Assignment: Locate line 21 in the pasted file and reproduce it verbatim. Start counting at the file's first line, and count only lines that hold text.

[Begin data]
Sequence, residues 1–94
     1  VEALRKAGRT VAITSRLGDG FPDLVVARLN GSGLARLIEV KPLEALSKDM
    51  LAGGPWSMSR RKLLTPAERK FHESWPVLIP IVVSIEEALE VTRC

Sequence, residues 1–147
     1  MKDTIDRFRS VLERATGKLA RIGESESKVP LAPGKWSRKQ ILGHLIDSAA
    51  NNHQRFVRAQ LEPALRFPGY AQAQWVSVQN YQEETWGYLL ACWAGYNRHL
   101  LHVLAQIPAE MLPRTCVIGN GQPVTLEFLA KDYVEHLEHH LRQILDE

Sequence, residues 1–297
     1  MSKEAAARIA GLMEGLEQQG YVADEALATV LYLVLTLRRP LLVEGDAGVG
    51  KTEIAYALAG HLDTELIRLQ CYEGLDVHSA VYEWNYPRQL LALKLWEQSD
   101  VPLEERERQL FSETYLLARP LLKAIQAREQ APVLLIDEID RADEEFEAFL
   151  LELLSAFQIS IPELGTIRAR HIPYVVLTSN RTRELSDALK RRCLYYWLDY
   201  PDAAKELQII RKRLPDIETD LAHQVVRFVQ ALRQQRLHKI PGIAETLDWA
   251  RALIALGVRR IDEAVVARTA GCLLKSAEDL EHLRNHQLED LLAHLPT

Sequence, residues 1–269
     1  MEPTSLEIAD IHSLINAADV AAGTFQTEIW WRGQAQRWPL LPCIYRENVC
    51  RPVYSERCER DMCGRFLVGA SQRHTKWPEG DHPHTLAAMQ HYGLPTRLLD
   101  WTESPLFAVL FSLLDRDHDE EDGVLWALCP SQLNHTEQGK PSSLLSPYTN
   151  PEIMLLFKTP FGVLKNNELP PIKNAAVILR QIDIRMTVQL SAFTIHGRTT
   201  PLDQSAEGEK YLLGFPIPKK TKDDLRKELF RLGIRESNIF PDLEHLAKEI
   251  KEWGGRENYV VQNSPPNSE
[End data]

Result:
   251  KEWGGRENYV VQNSPPNSE